A time for sacrificePublished 10:17am Tuesday, July 3, 2012
Editor’s note: This article was shared by Scott Camp, commander VFW Post 9116 and its auxiliary, but was written by Rev. Sir Knight Donald C. Kerr.
The Fourth of July, as we know, is Independence Day.
Going back in history to 1776, we can recount certain events. Fifty-six men met together and signed a new document. That parchment, The Declaration of Independence, would stand forever as a partnership between the living, the dead, and the yet unborn.
The last paragraph reads, “We mutually pledge to each other our lives, our fortunes, our sacred honor.” The 56 signatures were kept secret for half a year, because those who signed that document knew that they were risking everything.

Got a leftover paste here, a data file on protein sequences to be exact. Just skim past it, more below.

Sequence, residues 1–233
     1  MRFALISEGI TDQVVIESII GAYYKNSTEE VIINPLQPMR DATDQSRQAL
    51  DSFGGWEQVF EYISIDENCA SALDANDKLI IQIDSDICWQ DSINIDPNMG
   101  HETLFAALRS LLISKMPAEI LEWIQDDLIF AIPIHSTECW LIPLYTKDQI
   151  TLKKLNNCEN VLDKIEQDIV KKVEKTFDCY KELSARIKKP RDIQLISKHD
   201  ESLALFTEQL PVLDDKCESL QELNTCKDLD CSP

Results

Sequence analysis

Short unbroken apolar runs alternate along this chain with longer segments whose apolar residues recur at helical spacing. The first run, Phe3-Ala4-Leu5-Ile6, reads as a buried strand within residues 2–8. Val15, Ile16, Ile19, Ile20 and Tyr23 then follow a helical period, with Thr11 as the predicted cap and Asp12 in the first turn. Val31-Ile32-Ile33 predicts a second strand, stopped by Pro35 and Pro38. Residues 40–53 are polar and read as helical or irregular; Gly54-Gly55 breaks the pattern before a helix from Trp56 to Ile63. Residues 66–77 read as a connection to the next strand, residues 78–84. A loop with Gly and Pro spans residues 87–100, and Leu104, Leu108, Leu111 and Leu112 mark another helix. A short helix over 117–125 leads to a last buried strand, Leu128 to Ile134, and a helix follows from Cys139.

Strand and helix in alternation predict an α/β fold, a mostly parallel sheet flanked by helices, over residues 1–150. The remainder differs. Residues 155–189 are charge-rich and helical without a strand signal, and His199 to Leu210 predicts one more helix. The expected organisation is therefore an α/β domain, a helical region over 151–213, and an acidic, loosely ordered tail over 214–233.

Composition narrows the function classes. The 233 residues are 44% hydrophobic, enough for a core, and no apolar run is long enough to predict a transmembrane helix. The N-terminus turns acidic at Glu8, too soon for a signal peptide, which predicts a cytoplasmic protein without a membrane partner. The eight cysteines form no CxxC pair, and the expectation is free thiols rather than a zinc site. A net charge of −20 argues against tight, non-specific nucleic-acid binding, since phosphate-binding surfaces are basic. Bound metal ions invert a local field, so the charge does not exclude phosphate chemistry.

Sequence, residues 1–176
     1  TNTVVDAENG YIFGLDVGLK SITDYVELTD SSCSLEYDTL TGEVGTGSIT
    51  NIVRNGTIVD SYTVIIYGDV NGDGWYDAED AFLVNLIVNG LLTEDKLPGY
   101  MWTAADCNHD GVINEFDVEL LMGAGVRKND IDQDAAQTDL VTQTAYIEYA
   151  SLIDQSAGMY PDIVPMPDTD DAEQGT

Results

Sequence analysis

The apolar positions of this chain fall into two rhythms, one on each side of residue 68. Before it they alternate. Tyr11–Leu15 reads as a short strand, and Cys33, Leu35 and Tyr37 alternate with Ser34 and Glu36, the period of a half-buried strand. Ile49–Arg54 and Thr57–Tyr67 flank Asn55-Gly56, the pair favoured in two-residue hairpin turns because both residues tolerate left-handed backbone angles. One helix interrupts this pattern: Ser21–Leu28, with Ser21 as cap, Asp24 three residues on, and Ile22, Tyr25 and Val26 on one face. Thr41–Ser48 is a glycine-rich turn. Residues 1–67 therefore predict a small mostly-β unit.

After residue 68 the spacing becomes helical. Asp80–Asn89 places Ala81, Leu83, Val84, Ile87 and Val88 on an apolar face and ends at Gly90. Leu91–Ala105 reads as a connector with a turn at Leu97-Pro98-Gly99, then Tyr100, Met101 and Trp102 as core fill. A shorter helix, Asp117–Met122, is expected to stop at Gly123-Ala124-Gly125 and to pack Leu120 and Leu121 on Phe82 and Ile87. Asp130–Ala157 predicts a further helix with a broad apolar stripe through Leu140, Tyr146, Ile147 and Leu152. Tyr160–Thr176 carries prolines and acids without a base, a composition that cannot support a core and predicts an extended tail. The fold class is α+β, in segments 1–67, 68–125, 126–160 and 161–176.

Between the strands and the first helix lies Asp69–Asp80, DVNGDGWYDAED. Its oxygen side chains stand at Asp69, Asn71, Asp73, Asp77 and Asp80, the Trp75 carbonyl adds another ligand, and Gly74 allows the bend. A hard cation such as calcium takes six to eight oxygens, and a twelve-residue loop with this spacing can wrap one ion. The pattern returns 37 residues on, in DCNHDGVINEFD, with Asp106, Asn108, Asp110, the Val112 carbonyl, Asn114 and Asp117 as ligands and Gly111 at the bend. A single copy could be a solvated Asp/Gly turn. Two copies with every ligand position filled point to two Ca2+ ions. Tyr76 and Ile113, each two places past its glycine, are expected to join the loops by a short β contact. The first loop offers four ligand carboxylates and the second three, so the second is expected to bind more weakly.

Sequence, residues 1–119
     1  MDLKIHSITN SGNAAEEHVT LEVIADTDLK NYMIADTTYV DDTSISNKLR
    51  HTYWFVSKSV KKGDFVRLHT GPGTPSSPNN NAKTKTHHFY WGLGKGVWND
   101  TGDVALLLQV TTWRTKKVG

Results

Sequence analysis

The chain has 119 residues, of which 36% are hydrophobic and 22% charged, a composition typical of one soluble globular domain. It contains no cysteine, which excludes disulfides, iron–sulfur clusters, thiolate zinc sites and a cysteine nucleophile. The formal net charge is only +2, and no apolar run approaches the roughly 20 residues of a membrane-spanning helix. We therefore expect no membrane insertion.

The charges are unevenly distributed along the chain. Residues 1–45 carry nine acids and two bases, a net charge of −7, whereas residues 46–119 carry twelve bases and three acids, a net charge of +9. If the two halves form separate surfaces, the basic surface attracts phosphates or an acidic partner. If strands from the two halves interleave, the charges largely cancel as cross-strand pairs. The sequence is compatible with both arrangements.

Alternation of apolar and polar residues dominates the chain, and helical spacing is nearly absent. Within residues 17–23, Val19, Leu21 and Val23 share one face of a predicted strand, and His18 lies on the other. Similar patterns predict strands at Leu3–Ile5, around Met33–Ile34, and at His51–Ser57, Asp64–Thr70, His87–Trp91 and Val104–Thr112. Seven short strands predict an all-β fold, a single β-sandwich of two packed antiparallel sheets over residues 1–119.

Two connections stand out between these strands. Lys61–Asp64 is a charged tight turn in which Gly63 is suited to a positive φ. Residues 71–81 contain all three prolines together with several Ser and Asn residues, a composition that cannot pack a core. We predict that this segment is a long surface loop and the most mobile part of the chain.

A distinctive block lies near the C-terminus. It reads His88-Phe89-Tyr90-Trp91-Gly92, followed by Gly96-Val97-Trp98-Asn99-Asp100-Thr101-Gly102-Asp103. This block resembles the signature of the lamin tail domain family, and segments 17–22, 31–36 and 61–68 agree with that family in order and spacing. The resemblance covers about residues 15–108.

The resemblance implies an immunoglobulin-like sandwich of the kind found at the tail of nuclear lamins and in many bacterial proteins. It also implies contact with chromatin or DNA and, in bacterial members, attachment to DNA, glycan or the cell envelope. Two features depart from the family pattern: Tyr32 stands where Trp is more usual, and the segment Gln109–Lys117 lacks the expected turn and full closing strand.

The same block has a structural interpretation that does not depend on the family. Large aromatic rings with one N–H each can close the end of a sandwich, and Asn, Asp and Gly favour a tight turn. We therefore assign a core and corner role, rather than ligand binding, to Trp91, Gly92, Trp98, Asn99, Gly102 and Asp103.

The 56 men were men of means and well educated. Twenty-four were lawyers. Eleven were merchants. Nine were farmers and owners of large plantations. One was a surgeon, and one was an ordained clergyman.
In Pennsylvania, the state house is called Independence Hall. The chosen men from each of the colonies sat down together, and on June 11th, a committee was formed to draw up a Declaration of Independence. Thomas Jefferson finished the draft in seven days, and on July 4, 1776, it was adopted.
Of the 56 men who signed that document, five were captured by the British and tortured before they died. Twelve had their homes looted or destroyed. Nine died in the way from hardships or bullets. One wealthy planter and trader was Carter Braxton of Virginia. He saw his ships swept from the sea in battle. To pay his debts he sold his house and all his properties. He died in rags.
So let us remember the heritage from which we come and remember too that at least nine and perhaps as many as 20 of the 56 were Masons. That should make us proud.